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Naglfar: Harvest

Sweden's black metal merchants Naglfar have been around now for over a decade, and they keep steadily churning out quality extreme metal year in and year out. Their latest release Harvest sees them upping the ante just a bit, easing up on the symphonic factor that popped up quite a bit on their previous release Pariah, instead relying more in thunderous, tremelo picked guitar riffing, intricate rhythms, and the ever present black metal shrieks of Kristoffer Olivius.

While stylistically the music of Naglfar has some similarities to bands like Immortal and Emperor, there's an underlying element of thrash, as well as death metal, below the scorching black metal frenzy that the band spews forth. This music drips with savagery and hatred, especially on songs like "Odium Generis Humanis" and "Breathe Through Me", where Olivius' screams and screeching reaches danger zone levels, and the guitar riffs and drum blasts are off the charts. While there are occasional synth and piano touches, the melodic parts of more often created by the guitar work of Marcus Norman and Andreas Nilsson, both who do a superb job throughout this album. Lyrically speaking, this is pretty dark, lurid, and demented stuff, but a fascinating read while the music pummels you senseless. Old school black metal fans will love "Darkest Road", a rampaging beast that features Immortal styled guitar riffs & blast beats, and truly lethal vocals from Olivius. The last two songs on the CD though are perhaps the most interesting, as the band have created a sort of "progressive black metal" feel here-the textured "Feeding Moloch" and the epic title track. The former has some symphonic guitar riffs and blazing drum work from Mattias Grahn, as well as a splattering of keyboards, while the title track kicks off with some slippery bass grooves from Morgan Lie and spooky keyboard effects, giving way to melodic and driving guitar riffs. Olivius then delivers a deliciously vile vocal that sounds like the perfect mix of Ihsahn and Angela Gossow, just commanding and drenched in evil. The dual guitar work on this piece is extremely melodic, and overall the song is catchy as hell despite its heavy and extreme nature.

Harvest is a solid black metal statement from a veteran band who keep pumping out the winners. Perhaps stronger than Pariah and right up there with Sheol, Harvest is truly a triumph for Naglfar, a band that should be seen and acknowledged as one of the leaders of the modern black metal scene.

The release comes with a bonus DVD contianing some live clips , videos, and an interview, all of which are a must see for Naglfar fans.

Track Listing
Disc: 1
1. Into the Black
2. Breathe Through Me
3. Mirrors of My Soul
4. Odium Generis Humani
5. Darkest Road
6. Way of the Rope
7. Plutonium Reveries
8. Feeding Moloch
9. Harvest
Disc: 2
1. Spoken Words of Vemon [DVD][Live]
2. Perpetual Horros [DVD][Live]
3. Carnal Scorn & Spiritual Malice [DVD][Live]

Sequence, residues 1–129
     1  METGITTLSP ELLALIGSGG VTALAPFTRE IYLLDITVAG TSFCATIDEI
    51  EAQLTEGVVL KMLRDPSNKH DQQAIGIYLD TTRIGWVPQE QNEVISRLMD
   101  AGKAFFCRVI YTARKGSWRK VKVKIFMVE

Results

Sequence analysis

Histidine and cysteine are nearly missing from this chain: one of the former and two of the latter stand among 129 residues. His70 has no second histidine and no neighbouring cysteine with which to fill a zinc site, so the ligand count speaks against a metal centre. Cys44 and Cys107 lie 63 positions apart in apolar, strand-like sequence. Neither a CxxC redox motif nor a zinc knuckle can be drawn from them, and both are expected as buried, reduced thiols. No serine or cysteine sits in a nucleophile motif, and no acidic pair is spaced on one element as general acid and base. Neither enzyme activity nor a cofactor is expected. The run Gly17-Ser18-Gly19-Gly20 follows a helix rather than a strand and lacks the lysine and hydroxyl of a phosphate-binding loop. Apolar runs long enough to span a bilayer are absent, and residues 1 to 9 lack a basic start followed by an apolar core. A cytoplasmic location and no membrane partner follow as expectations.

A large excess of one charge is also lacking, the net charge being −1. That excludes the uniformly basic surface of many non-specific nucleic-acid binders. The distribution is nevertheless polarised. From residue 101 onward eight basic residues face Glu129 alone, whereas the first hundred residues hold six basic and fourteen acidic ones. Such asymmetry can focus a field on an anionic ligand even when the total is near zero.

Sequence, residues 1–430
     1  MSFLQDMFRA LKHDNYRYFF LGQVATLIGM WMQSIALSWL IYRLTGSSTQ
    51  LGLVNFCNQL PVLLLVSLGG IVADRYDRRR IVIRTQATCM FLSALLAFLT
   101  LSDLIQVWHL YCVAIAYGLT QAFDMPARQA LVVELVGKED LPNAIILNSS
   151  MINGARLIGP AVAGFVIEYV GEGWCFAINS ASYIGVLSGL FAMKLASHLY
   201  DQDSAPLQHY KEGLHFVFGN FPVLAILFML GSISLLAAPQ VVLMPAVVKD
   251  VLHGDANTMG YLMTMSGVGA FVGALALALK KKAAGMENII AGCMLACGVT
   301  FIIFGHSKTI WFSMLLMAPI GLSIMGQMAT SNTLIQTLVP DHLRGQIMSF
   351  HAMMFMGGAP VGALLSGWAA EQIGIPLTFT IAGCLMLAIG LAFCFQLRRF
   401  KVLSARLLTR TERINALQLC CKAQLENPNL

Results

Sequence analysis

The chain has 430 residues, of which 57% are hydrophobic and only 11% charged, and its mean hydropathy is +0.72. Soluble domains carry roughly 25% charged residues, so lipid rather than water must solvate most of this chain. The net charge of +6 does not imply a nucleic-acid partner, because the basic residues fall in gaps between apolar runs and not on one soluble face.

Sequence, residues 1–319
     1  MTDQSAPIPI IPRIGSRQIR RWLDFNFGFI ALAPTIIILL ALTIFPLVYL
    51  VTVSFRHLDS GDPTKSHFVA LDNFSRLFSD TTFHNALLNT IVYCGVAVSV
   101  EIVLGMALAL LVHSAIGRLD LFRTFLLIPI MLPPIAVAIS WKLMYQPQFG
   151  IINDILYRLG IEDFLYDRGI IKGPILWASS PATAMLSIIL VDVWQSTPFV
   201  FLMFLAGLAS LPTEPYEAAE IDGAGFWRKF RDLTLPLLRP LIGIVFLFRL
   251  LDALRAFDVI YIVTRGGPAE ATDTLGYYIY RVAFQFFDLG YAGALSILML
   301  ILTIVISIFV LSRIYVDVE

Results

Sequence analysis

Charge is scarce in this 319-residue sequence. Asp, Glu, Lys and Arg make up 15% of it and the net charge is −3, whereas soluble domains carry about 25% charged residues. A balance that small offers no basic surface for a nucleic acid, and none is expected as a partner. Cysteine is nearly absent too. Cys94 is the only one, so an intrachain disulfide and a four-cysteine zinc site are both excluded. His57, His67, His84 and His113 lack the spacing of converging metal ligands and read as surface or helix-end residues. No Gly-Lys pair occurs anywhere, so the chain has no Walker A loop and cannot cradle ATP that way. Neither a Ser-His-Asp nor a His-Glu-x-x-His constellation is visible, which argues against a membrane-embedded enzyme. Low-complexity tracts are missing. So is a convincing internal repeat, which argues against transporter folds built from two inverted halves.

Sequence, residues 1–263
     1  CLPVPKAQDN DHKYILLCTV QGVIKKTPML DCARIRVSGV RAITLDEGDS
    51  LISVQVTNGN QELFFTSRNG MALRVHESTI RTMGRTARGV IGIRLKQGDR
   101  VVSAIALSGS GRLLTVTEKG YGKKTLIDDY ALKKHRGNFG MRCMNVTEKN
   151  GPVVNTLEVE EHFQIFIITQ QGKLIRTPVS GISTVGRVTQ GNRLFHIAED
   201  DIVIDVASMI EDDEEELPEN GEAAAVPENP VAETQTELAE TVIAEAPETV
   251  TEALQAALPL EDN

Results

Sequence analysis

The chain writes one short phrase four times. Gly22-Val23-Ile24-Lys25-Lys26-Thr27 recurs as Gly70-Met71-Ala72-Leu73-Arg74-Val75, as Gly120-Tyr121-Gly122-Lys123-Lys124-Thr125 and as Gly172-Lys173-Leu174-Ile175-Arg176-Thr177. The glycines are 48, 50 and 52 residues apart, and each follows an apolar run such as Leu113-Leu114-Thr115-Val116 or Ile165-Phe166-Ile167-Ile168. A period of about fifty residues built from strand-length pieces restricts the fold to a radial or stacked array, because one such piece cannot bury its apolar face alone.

4. Swarm of Plagues [DVD][Live]
5. Perpetual Horrors [DVD]
6. Interview with Kristoffer Olivius [DVD]

Added: May 6th 2007
Reviewer: Pete Pardo
Related Link: Naglfar Website
Hits: 4484
Language: english

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Naglfar: Harvest
Posted by Ryan Sparks, SoT Staff Writer on 2007-05-06 10:57:52
My Score:

Nagalfar's fifth release Harvest is a remarkably potent effort which sees the band continuing their lethal black metal assault on the masses. The band has refined their sound somewhat over the past few years yet they haven't lost any of their trademark ferocity or anger as vocalist Kristoffer Olivius spews out bucketfuls of seething venom at every possible opportunity. The dual guitar onslaught of Andreas Nilsson and Marcus Norman is really something to behold as not only do they succeed in delivering some of the fastest metal riffs in the business but their tasteful and melodic solo's, which are featured prominently throughout this disc, takes the music to a higher or in this case a lower plane. The band goes on the offensive right off the bat on the first number "Into The Black", which is a good old school metal mugging of the highest caliber, and from there they never relent or deviate from their attack one iota save for a few quiet passages or the odd smattering of keyboards on some tracks. The level of technical complexity in the music itself is something alone that should set Nagalfar apart from their contemporaries, not to mention the brilliant sense of melody and harmonics in the playing of Nillson and Norman. The epic title track with its atmospheric keyboards, meaty bass lines courtesy of newcomer Morgan Lie and fabulous melodic soloing is almost worth the price of admission alone. 5 albums into their career Nagalfar have consistently proven they're more than capable of upping the ante with each new release and Harvest has taken things to a new level. Pick this one up and hang on for the ride.

2004 Sea Of Tranquility
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